Marise Payne: I understand that these are very, very difficult and complex issues. And there's a strong, strong feeling that generated the march itself, the rally itself and has generated a significant amount of discussion in this country. But as I said, we are elected to take positions on important issues by working through those issues, doing that carefully as a government and through the parliament. And it's our responsibility to listen to the concerns of all Australians, the Australians who have contacted you on both sides of this subject, the many Australians who contact my offices regularly, very, very regularly. And, of course, the mechanisms of many forms of social media and the meetings that I have, the hundreds of meetings that we have every year, a part of that process.
Jim Wilson: How does it make you feel as the Minister for Women, that women still believe they have to march in public for something as simple as the right not to be harassed or assaulted in the workplace?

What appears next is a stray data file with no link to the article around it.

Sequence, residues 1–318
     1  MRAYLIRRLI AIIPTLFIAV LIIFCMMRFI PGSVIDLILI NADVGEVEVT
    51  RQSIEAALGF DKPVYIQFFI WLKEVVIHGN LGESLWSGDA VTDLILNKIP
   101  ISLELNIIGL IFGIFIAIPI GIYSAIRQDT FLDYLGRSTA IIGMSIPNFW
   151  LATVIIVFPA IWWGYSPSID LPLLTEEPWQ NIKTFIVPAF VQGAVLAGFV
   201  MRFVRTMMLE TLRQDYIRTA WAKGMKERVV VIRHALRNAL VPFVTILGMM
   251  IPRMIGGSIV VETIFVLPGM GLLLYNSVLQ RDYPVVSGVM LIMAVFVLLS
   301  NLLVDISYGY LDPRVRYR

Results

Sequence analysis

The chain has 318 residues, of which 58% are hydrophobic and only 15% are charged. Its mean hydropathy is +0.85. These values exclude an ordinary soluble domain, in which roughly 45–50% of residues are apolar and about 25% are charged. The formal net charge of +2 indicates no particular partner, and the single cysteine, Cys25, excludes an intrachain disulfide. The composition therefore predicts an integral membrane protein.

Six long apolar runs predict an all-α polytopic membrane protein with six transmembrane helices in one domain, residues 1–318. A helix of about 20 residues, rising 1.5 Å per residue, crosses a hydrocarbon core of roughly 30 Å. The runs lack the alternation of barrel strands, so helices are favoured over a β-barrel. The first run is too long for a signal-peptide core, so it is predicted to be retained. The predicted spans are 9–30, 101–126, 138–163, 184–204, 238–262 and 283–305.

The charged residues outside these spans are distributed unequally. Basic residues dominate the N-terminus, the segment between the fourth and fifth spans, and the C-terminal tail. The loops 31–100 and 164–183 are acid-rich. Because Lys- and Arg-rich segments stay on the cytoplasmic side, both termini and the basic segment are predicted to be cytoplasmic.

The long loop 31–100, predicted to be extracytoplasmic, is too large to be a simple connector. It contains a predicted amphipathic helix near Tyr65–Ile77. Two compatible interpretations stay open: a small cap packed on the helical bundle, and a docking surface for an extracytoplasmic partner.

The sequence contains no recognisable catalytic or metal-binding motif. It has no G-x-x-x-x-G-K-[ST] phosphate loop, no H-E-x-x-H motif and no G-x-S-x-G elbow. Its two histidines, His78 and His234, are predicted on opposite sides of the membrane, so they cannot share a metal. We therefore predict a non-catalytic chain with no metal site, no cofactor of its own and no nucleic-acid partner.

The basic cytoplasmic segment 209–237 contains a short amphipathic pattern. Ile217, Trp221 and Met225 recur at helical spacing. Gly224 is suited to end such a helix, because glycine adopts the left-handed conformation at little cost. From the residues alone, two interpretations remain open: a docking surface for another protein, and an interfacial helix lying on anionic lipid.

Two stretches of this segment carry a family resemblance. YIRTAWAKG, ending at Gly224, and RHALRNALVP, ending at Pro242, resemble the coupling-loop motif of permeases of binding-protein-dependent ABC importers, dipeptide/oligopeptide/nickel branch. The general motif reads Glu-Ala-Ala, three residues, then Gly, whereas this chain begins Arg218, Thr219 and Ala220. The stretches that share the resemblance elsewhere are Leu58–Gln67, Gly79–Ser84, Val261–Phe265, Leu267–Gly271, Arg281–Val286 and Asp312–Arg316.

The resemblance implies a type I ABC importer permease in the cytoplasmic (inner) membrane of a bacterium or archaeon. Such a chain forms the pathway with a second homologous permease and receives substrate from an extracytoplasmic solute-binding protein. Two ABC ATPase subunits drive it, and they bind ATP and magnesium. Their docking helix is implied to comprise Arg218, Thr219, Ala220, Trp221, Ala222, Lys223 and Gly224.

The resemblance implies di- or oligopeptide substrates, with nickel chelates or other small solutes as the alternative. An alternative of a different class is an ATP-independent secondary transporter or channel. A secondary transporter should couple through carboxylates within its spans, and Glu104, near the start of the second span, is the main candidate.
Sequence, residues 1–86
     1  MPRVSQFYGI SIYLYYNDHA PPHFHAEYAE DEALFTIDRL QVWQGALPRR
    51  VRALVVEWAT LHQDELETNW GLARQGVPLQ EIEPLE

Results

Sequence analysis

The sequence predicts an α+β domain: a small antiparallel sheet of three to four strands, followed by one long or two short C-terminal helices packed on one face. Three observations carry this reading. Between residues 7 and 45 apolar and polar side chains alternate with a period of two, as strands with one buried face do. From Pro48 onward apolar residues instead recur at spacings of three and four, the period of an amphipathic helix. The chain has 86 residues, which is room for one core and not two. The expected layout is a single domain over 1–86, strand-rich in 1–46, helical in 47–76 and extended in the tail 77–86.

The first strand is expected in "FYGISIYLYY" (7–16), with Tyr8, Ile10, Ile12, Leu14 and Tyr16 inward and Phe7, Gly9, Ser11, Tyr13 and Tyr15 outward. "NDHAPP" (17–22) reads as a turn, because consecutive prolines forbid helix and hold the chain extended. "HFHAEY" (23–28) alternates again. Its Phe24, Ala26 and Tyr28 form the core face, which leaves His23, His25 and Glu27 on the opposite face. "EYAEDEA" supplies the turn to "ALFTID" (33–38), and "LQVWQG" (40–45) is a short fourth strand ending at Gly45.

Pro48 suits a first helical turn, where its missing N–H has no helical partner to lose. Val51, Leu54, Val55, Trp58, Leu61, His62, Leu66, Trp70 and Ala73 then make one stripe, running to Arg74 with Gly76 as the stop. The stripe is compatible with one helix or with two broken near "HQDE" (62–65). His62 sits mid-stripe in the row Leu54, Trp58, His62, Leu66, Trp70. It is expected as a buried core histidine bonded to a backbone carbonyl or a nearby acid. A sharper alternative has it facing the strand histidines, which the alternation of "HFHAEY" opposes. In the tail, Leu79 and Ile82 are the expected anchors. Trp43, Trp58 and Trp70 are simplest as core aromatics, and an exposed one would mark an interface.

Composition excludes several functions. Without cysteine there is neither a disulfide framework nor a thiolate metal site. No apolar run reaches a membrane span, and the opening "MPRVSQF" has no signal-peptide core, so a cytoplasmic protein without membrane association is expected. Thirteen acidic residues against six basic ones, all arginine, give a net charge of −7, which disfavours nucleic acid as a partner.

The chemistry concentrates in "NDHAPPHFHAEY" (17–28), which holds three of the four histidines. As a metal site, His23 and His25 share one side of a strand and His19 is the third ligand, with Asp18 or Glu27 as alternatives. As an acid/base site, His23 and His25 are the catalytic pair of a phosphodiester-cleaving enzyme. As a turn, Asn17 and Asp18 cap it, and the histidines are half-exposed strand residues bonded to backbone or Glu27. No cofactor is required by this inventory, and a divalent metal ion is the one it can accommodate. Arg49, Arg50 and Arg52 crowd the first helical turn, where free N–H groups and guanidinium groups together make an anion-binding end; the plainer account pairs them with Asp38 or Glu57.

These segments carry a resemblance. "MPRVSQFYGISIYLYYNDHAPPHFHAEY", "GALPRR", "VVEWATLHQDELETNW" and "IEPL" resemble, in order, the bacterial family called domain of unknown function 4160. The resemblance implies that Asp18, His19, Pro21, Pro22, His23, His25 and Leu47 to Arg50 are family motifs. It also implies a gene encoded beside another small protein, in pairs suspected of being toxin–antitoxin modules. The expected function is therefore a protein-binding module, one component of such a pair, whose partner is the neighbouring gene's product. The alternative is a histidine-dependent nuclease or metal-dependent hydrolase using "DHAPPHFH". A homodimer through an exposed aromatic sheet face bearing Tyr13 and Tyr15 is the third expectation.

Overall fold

Marise Payne: I'm deeply concerned about the reports that we have had and the allegations that have been made in relation to sexual assault, in particular, in the workplace here. Issues of harassment and other matters which have been raised. I've been working in this place for a very long time, and I would hope that in 2021, we can take a very mature approach to this, that we can use the independent review, which has been established with multi-party support, led by the Sex Discrimination Commissioner, Kate Jenkins, to address these issues, to address the cultural issues, the social issues, the workplace issues that have meant that these things have happened. I can't even begin to imagine the devastation, the distress, the deep, deep damage that has been caused to the women who have come forward. I have heard myself directly from a woman like Grace Tame in the last week when she spoke in Sydney at the UN Women Australia International Women's Day event. We know that this is absolutely wrong behaviour by perpetrators, and that it must stop. Every mechanism that can be put in place and every prevention tool that we can use, we must use. And I've said before, as a Parliament, we have to own these problems. We have to own the failings that have led to these events. But most importantly, we have to own the solutions and we are absolutely committed to doing that as a Government.